From the deformations obtained from CTA image registration, the researchers have extracted quantitative descriptors of the main components of the tensile and compressive strain fields. "Evaluated on 22 patients, our approach yields a mean area under the curve of 88.6% when correlating the strain-based quantitative descriptors with the long-term patient prognosis", says Karen López-Linares, first author of the work, linked to the SIMBIOsys research group and researcher at BCN-MedTech, the VicomTech Foundation and the BioDonostia Health Research Institute.

"This suggests that the descriptors directly extracted from the CTA images are able to capture the biomechanical behaviour of the aneurysm without relying on finite element modelling and simulation", add Jérôme Noailly, a specialist in computational biomechanics, and Miguel A. González Ballester (ICREA DTIC), both members of BCN-MedTech and co-authors of the article.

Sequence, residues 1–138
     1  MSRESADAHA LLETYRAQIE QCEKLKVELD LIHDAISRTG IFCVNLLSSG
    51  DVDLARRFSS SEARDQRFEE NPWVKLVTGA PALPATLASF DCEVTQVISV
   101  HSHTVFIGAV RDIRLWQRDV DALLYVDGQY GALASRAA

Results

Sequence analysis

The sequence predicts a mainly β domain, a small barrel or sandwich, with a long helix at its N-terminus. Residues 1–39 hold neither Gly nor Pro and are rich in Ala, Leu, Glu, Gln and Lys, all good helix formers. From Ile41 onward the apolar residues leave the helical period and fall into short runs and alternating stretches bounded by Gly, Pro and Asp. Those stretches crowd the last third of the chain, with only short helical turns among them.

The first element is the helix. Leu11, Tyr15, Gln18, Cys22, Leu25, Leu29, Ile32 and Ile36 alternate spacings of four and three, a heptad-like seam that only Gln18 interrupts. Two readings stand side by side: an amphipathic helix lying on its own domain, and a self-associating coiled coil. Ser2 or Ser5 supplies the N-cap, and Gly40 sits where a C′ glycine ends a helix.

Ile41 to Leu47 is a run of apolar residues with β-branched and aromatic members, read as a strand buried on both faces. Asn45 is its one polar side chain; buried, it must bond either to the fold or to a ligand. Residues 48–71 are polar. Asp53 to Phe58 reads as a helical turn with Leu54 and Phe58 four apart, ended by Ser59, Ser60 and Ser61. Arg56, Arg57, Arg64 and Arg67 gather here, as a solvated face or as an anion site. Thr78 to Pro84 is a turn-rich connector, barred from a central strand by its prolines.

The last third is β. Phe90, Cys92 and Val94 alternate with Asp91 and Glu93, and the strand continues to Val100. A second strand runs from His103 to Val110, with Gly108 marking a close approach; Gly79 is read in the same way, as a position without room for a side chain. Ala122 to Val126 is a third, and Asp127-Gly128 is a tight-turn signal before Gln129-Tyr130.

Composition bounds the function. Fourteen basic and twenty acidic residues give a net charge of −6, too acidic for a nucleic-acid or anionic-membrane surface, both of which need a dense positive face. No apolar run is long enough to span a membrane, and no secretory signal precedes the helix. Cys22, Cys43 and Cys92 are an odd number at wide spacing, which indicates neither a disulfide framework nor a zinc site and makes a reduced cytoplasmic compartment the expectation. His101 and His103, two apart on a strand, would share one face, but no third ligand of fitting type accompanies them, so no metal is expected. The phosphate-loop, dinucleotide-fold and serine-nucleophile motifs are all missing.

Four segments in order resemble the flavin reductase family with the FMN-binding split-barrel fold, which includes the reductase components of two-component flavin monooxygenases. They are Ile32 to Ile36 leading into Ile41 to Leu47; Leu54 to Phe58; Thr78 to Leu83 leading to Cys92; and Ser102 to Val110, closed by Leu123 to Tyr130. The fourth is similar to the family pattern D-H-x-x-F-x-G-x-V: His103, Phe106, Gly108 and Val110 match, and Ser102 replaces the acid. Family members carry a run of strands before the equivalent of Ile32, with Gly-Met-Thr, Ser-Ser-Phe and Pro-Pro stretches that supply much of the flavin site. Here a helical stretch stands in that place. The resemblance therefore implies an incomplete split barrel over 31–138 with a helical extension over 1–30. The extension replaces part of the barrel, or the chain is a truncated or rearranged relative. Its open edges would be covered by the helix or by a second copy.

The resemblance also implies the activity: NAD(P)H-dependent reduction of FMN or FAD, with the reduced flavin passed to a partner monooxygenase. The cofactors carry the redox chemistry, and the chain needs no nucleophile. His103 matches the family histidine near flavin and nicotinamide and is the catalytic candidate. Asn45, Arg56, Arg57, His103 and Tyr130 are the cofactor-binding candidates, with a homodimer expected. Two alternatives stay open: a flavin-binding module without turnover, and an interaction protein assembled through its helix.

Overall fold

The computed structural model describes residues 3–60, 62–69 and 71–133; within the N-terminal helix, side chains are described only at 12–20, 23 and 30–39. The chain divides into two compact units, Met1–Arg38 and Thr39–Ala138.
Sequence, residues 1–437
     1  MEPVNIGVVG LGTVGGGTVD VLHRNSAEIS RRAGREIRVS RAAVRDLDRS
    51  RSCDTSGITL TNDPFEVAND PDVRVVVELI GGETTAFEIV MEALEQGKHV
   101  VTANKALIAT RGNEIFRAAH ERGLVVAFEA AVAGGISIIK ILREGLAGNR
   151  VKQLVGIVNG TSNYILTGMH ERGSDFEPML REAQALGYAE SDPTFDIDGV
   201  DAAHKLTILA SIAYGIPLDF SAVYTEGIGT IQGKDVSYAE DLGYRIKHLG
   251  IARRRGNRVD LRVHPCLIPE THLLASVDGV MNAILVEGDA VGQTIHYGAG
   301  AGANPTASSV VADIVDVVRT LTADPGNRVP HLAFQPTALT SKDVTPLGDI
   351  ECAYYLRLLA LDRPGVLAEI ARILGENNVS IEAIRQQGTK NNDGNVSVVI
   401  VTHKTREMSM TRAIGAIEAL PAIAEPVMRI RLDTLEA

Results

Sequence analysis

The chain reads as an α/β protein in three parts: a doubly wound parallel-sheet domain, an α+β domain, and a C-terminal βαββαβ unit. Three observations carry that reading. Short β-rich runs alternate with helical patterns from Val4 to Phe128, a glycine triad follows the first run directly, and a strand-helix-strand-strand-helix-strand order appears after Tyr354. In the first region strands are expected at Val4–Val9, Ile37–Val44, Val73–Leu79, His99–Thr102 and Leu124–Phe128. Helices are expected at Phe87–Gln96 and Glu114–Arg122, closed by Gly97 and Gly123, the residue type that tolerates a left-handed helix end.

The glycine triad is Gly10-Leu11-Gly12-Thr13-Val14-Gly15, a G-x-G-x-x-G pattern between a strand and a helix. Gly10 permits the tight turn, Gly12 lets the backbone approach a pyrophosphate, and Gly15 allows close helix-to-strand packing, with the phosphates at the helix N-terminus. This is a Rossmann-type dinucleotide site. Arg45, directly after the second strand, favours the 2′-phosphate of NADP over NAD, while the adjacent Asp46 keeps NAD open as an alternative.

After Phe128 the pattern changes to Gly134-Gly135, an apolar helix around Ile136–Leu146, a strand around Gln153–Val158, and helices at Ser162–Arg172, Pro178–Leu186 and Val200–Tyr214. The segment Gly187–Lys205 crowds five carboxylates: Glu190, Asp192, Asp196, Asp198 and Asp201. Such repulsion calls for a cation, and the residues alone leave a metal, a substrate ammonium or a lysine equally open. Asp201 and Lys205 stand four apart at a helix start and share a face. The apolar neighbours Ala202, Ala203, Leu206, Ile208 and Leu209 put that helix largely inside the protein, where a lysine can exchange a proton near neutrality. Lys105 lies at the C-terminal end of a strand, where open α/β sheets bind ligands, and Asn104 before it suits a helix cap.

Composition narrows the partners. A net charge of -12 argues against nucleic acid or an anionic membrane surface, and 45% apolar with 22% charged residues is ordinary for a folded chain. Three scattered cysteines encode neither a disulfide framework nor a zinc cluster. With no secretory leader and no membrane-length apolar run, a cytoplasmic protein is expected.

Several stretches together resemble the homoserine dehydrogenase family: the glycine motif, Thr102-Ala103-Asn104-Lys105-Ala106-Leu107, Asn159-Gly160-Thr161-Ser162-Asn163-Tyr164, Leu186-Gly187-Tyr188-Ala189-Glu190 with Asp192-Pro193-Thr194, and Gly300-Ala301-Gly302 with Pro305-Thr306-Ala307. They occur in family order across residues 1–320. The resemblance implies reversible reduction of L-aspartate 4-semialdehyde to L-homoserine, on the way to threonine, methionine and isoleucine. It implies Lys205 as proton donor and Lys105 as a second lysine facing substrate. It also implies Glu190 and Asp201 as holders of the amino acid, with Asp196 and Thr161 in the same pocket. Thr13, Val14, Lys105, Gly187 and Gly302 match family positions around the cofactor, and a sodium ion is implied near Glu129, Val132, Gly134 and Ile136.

Biomarkers for the most difficult and uncertain cases of aneurysm

In addition, the authors highlight that the extracted descriptors set the basis for possible future imaging biomarkers that may be used in the clinical practice. These biomarkers may be used to assess patient prognosis and to enable informed decision making after an EVAR intervention, the most common treatment for aortic and abdominal aneurysms, and especially in difficult, uncertain cases.
-end-


Universitat Pompeu Fabra - Barcelona

Related Aneurysm Articles from Brightsurf:

New abdominal aortic aneurysm genes identified, could help pinpoint those at risk
A study of US veterans identified 14 genes that may predict the risk of abdominal aortic aneurysm.

Temple researchers track new path to therapeutic prevention of abdominal aortic aneurysm
New research by scientists at the Lewis Katz School of Medicine at Temple University suggests that abdominal aortic aneurysm (AAA) can be prevented therapeutically.

Researchers find no benefit for treatment used to avoid surgery for abdominal aortic aneurysm
A new landmark study by researchers at the University of Maryland School of Medicine (UMSOM) found that patients with a vascular condition, called abdominal aortic aneurysm, received no benefits from taking a common antibiotic drug to reduce inflammation.